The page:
Smoky Beef Short Ribs with Gremolata
Short ribs are so very, very delicious, and so very, very cheap - but you'll probably have to ask your butcher in advance for them.
(Serves 4)4 beef short ribs - around 1.8kg
1 tbsp sea salt
1 tbsp soft brown sugar
For the gremolatalarge handful flat leaf parsley
grated zest of a small lemon
1 large clove garlic, crushed and finely chopped
handful of fresh breadcrumbs, fried to golden and crunchy in a little olive oil
We are extremely lucky to have three brilliant butchers in Totnes but I still had to be patient for a couple of days to get my short ribs. Most have already been stripped of their meat - for stewing I presume - as soon as the carcass is butchered. Ribs weigh in at around 450g each and you'll need one rib per person (or more if the men have their way). The meat is thick on the rib and you'll need to remove the uppermost layer of fat and tendon, again, your butcher will probably oblige.
Short ribs take little more than three hours to achieve a sensational, tender result, and as I have a preference for subtle smoke flavour I divided my cooking time between conventional oven (2 hours) and the Bradley Smoker (1 hour). You may prefer to use the Bradley only.
Preheat the oven to 170°C. Mix the salt and sugar and rub into the meat (don't bother with the bone side) then give a good grinding of black pepper.
Sit in a shallow tray (I put roughly chopped leek and celery under the ribs to keep the meat moist) and roast for 2 hours.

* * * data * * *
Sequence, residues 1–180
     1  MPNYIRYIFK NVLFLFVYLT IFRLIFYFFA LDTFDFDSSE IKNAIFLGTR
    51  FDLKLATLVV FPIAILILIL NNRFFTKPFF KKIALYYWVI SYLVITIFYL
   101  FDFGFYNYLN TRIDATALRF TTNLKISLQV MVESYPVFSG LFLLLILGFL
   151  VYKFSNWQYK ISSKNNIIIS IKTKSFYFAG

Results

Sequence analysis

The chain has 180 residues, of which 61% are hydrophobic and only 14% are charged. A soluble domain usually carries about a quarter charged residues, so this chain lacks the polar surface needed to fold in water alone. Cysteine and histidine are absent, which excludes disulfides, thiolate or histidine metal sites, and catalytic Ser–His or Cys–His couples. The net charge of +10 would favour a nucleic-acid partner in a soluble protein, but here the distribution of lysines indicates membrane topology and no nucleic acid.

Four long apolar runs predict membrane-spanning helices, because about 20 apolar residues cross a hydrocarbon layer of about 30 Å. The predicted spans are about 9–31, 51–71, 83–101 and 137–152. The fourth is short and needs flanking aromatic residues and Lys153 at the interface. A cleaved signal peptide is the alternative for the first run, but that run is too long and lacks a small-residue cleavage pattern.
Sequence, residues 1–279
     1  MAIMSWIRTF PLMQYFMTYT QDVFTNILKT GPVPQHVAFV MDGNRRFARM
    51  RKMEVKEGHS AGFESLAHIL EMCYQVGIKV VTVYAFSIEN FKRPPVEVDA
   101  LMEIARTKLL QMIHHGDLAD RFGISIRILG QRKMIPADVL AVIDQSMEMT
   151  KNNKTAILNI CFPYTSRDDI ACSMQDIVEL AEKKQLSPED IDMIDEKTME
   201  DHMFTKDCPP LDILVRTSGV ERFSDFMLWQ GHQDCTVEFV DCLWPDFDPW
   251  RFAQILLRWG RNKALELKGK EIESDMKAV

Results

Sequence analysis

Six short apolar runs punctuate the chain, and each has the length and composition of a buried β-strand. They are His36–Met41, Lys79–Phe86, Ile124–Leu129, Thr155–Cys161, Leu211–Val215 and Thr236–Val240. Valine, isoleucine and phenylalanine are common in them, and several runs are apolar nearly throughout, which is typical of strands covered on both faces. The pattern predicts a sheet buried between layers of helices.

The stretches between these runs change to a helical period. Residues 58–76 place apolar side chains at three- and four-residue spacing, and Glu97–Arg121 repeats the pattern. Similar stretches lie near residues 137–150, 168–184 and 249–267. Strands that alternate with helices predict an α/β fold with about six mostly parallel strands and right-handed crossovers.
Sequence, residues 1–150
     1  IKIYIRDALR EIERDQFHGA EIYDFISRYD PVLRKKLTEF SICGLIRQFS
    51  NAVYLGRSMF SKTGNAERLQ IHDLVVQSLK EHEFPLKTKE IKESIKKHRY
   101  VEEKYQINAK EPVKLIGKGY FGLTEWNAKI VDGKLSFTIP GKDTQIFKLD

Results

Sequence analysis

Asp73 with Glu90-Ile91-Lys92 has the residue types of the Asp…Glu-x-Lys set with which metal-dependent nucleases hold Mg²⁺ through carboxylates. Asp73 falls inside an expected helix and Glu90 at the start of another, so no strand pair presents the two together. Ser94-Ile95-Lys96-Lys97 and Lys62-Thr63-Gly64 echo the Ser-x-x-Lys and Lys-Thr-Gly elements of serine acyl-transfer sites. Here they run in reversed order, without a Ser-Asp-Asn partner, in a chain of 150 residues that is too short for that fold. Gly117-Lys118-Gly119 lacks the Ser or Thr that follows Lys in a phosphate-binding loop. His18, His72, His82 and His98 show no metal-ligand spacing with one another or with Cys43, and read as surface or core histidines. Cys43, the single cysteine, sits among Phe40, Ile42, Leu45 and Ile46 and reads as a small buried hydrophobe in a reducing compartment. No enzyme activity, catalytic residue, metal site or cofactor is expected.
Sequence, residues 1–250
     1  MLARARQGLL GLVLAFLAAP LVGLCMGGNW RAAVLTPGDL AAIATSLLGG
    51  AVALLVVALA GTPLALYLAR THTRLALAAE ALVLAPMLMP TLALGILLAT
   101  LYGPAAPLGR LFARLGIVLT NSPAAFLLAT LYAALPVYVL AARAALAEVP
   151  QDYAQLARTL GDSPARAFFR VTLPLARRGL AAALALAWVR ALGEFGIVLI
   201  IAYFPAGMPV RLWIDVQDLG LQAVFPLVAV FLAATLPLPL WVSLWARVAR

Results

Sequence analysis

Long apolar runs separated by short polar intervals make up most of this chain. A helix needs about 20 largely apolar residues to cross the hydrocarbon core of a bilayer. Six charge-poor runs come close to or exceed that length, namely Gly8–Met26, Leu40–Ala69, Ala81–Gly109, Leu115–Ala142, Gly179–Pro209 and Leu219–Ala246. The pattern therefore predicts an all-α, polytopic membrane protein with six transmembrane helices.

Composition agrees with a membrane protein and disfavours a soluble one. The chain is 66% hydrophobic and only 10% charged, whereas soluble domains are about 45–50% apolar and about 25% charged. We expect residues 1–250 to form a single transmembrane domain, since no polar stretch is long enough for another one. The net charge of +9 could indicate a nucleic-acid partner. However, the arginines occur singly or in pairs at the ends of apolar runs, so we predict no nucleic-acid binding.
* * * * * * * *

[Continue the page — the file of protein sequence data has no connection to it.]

By this time the ribs will have released the fat that runs through this cut, and it's worth hanging on to that delicious beef dripping for Sunday's roast potatoes.
Have the Bradley up and running half an hour before the oven cooking is done.
Add oak bisquettes to the stack and set the cabinet temperature to 160°C.
Transfer the ribs from the tray to a Bradley wire rack and place in the preheated cabinet to smoke for a further hour.
By now the rib meat has developed a smoky crust and has all but dropped off the bone.
Remove and allow the meat to rest with you prepare the gremolata.
Make the gremolata by chopping the parsley and combining it with the other ingredients.
This is a vibrant accompaniment that compliments, and cuts through, the richness of the meat.
Remove the rib meat form the bone (if it hasn't already fallen off) and slice. sprinkle liberally with gremolata and enjoy the moment! Lovely with some buttery Jersey Royals and fine beans.